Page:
A prominent figure painter in his day, Harry Mills Walcott was born in Torrington, Connecticut, where his father was a clergyman. His family moved to Bergen County, New Jersey, when Walcott was six years old. When he came of age Walcott went to New York to enroll at the National Academy of Design, where he studied under the noted figure and mural painter, Will Low. In 1894, Walcott won the academy’s Havermeyer Traveling Scholarship and so he went to Paris. There he entered the Académie Julian, a private academy very popular with visiting Americans, where Walcott studied under the French academicians Jean-Paul Laurens and Benjamin Constant. Walcott showed works painted in the academic mode at the Paris Salons of 1897, 1898, and 1899, receiving an Honorable Mention in 1897.
Walcott returned to New York around the turn of the century. He quickly became an active presence in the art world, showing his works regularly at the National Academy in New York; the Art Institute of Chicago; the Pennsylvania Academy of the Fine Arts, Philadelphia; the Carnegie Institute, Pittsburgh, Pennsylvania; and the Corcoran Gallery of Art, Washington, D.C. Walcott also showed his works at the landmark World’s Fairs of his day, including the Pan-American Exposition in Buffalo, New York, in 1901; the Louisiana Purchase Exposition in St. Louis, Missouri, in 1904; and the Panama-Pacific International Exposition in San Francisco, California, in 1915. Walcott won medals at each of these fairs. Walcott moved to Chicago to take a teaching position at the Art Institute of Chicago, where he remained for many years. After he retired, he and his wife, the artist Anabel Havens (1840–1919), moved to Newark Township, Ohio, with Walcott ultimately removing to California in his later years, where he lived on Coronado Island in San Diego.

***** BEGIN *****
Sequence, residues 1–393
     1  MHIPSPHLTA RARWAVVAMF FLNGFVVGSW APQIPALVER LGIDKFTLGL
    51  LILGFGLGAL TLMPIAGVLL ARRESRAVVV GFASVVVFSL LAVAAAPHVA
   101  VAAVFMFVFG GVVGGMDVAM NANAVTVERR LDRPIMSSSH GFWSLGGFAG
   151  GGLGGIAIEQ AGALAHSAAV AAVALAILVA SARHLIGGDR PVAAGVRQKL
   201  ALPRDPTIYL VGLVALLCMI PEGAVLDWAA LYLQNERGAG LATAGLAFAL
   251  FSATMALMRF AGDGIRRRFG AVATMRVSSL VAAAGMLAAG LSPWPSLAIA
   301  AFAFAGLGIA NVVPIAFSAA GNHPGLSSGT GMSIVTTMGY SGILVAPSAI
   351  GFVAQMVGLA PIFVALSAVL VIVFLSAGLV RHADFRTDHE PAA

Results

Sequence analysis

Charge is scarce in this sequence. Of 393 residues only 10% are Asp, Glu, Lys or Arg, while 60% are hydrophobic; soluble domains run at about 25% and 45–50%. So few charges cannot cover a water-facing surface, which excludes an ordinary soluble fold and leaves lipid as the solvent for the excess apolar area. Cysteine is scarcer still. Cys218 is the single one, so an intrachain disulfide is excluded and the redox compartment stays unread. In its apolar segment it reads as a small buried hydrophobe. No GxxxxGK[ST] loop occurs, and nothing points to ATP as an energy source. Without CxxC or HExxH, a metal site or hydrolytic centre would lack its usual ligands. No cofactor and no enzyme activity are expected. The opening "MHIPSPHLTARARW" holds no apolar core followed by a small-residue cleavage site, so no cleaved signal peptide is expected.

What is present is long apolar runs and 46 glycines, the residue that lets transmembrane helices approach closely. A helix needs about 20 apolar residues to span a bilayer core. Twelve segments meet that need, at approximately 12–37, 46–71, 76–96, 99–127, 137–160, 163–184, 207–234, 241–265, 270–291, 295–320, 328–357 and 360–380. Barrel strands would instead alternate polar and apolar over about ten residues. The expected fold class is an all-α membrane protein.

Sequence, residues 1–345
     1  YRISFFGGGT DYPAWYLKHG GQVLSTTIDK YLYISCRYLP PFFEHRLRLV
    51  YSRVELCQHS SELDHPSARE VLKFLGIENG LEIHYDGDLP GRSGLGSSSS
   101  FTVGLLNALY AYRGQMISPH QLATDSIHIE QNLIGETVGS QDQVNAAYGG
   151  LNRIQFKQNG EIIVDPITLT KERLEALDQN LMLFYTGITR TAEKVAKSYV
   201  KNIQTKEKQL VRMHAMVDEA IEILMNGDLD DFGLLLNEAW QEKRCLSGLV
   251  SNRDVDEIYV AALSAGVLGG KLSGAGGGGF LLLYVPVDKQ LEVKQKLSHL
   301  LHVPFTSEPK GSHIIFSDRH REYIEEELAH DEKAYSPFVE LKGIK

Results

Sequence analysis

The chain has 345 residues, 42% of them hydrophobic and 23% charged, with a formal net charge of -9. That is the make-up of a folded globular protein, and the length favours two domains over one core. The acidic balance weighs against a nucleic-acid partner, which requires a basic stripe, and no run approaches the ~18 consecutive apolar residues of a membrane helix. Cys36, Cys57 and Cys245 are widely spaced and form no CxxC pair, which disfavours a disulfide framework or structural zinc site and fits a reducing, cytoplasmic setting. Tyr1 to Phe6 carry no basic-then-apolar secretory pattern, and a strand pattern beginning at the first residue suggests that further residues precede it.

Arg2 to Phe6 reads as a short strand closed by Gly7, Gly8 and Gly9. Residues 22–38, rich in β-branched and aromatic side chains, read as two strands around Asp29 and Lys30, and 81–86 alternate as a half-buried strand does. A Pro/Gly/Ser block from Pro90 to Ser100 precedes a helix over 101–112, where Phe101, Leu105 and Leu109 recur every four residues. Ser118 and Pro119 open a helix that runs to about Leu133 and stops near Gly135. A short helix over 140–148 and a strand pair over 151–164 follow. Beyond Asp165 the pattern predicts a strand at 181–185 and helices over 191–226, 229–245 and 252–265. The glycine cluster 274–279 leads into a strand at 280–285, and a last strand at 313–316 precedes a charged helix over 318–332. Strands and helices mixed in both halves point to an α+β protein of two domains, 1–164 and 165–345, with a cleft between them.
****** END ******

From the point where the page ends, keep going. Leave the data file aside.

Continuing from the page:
While Walcott received favorable reviews and was an esteemed teacher, only a handful of works by Walcott are known today. From what little has surfaced it is clear that Walcott was a figure painter par excellence who specialized in genre scenes, especially those depicting children and adolescents. He frequently chose broad, almost exaggerated horizontal formats, typically placing the figures at the center of the composition and cropping closely at the top and bottom to enliven the sense of motion or drama of his subjects. He favored an overall flatness of design, a hallmark of mural and decorative painting that would seem to be derived from Walcott’s early studies with Will Low. This overall decorative flatness is accentuated by Walcott’s somewhat restrained color palette.